Mystery Quilt: Return to Avonlea

Posted on

Love Bug Studios is back with another mystery quilt a long!  This time focusing on Anne of Green Gables.

From the LoveBug Studios Site:

The quilt itself has been meticulously designed and tested, and is available in two beautiful colorways: Sweet Anne and Fiery Anne. The mix of traditional piecing, dimensional elements, and unique blocks are sure to delight and challenge quilters of all skill levels and interests.

Sweet Anne is based on the lovely & light Anne of Green Gables Collection from Riley Blake Designs:

Fiery Anne is based on the dynamic and bright Sunprint 2017 by Alison Glass for Andover Fabrics.

We’re set to begin live classes on July 19th, 2017, but you can join us at any time and work at your own pace. We have designed a quilt that will not only challenge experienced quilters, but will also provide newer quilters with the skills they need to be successful.

If you are interested in participating, pick up your fabric now!  The LoveBug Studios Mystery Quilt a Longs sell out fast!  If you participate, show us what you create!


Batiks Go Retro

Posted on

If you have been following my Twitch, Instagram, of Facebook, you may be aware that I have been making a secret quilt for Market for one of my new favorite designers, Tamarinis.  It was finally revealed yesterday!

I am SOOOOOO excited to show you the quilt and this amazing line of fabric!

The quilt I made is double sided!  The exact same design is on each side using completely different fabrics.  Tamirinis’ display is amazing here!

You can find this amazing line of fabric in your local Quilt Store soon!  Make sure you ask them to carry it!

Want to spend some time with Tamarini in person?  She is doing her own cruise!!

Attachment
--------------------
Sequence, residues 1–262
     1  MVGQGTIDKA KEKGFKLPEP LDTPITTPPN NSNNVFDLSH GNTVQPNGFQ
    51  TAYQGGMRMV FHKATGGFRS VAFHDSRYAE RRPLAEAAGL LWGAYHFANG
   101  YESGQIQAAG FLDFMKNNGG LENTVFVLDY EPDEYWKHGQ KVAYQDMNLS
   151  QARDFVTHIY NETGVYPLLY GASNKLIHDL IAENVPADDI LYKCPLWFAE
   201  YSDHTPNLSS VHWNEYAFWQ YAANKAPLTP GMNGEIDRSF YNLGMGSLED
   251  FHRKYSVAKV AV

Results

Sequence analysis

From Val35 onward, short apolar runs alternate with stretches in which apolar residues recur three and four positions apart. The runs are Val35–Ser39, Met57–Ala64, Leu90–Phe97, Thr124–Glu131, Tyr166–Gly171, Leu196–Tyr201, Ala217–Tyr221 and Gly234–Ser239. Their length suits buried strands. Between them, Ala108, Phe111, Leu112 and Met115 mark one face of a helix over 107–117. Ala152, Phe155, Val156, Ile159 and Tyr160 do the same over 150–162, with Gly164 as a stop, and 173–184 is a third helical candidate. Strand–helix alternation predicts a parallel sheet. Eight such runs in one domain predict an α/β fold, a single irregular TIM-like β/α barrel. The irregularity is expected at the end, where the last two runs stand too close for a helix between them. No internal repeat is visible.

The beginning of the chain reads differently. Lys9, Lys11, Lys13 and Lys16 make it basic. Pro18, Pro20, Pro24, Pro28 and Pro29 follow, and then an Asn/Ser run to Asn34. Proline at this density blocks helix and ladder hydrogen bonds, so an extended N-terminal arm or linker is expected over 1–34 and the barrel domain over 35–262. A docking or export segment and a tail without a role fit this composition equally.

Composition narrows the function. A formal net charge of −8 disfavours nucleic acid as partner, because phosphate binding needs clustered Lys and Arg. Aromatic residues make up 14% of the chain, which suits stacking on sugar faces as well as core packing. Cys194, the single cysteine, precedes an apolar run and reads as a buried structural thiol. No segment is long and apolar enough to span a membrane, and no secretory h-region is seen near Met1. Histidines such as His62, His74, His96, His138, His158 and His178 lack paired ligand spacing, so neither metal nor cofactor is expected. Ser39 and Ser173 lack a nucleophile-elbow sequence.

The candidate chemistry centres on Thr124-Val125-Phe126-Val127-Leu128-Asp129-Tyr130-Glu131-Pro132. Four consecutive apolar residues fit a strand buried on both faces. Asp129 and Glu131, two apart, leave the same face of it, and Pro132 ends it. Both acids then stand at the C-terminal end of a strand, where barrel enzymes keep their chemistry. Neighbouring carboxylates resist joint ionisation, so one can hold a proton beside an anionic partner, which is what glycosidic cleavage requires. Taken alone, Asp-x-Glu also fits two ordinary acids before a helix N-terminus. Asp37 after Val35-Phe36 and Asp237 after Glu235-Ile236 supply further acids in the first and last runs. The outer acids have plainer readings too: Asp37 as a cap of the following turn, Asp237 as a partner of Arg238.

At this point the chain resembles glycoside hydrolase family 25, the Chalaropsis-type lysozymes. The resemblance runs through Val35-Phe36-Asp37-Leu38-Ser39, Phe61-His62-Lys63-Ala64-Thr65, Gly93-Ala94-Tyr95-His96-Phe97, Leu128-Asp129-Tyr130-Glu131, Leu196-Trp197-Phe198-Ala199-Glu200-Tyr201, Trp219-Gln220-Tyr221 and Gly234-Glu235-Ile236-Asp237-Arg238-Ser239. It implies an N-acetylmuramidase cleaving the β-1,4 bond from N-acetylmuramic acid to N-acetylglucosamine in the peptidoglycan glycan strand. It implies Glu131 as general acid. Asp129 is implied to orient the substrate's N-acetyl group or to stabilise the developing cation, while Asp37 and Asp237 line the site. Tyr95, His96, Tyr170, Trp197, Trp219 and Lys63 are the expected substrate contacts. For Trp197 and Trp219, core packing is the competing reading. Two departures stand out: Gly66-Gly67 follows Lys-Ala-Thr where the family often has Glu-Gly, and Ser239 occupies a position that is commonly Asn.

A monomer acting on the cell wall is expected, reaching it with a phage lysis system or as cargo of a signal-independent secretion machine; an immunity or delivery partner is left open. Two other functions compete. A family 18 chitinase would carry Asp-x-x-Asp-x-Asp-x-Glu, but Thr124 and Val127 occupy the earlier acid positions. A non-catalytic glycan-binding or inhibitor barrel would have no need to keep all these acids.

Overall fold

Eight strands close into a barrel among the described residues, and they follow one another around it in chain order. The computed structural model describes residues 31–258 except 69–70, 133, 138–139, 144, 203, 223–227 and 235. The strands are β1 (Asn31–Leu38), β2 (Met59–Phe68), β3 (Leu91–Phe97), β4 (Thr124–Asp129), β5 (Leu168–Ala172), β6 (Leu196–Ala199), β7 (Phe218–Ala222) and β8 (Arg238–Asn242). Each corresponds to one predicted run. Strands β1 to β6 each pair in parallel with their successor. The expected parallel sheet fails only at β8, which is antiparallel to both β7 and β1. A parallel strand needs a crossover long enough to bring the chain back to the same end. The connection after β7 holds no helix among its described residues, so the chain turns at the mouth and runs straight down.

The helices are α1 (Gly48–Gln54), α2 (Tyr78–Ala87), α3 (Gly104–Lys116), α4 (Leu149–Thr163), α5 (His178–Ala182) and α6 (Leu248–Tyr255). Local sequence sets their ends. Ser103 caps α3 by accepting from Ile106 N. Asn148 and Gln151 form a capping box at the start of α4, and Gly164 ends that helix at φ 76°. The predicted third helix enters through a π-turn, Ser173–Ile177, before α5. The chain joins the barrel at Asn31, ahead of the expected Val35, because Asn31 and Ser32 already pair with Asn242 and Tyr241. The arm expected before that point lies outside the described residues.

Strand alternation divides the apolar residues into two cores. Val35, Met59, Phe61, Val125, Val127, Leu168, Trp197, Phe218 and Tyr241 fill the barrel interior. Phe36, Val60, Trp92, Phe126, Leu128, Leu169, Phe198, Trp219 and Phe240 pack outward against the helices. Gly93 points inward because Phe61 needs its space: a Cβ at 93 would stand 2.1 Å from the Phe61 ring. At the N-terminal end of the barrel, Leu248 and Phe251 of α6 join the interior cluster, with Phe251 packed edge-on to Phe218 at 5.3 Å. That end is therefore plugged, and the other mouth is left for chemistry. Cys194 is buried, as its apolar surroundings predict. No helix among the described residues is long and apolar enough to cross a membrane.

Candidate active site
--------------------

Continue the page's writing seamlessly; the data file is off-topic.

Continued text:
If you would like to register for the cruise, head over to the website!  Now back to Spring Quilt Market!’



Spring Blog Hop

Posted on

If you have been a reader for awhile you may remember my participation in Cheryl Sleboda’s Spring Blog Hop last year.

She is back with another blog hop!  I am not participating this year because of time constraints, but I wanted to share the bloggers with you to inspire you and give you ideas for your own crafty space.

May 1 – Teri Lucas –
May 2 – Tammy Silvers –
May 3 – Emily Breclaw –
May 4 – Amalia Morusiewicz –
May 5 – John Kubiniec –
May 6 – Debby Brown –
May 7 – Melissa Marie Collins –
May 8 – Delve MIY –
May 9 – Misty Cole –
May 10 – Sam Hunter –
May 11 – Dale Ashera-Davis –
May 12 – Sara Mika –
May 13 – Sarah Trumpp –
May 14 – Carma Halterman –
May 15 – Jessica Darling –
May 16 – Lisa Chin –
May 17 – Sally Johnson –
May 18 – Mandy Leins –
May 19 – Shruti Dandekar –
May 20 – Jane Davila –
May 21 – Ebony Love –
May 22 – Cheryl Sleboda –

There are some that have already blogged that you can read now.  Make sure you check out each blogger and show us your own Spring Clean photos!


Happy April Fools Day!

Posted on

Today is the day where you don’t believe anything you hear or read.  Nothing.  I wasn’t disappointed with the amazing April Fools jokes.  Even though they aren’t crafty related, here are some of my favorites.

Think Geek has some amazing April Fools items.  They even ask if you would buy it if they really made it!

The Tentacuddle Wrap

A Where’s Barb book from Stranger Things?!

A full body snake tattoo

Alexa now helps pets!

And of course the Netflix Live gag is amazing.  Will Arnett did such a good job it almost makes me want this to be a show.

That’s it for this years April Fools!  Next week I return to the regular posting.




Crafting-when inspiration doesn’t hit

Posted on

Every now and then, in the crafting and art world, you want to create, but can’t. You feel blocked, and no idea you have sounds appealing. What do you do? Here are a few tips to help get you past the cobweb feeling of being ‘craft blocked.’

  • Go for a brief, brisk walk, dance around the room, or basic stretches. Sometimes a little adrenaline can reset your brain and help you think more clearly.

  • Turn on some music, an inspiring movie or audio book.
  • Try a different creative endeavor. Bake a batch of cookies, make a pot of soup, plant some herbs or flowers.

  • Call or text a friend. Sometimes a brief chat can help relax us, allowing us to get new ideas.
  • Look to online sites for inspiration: Pinterest, Instagram and multiple crafting blogs can help you decide what to start next.

Crafting should be fun, and help you feel creative and fulfilled. Hopefully the above suggestions can help you continue on your creative path!

‘Bad Weather’ Days

Posted on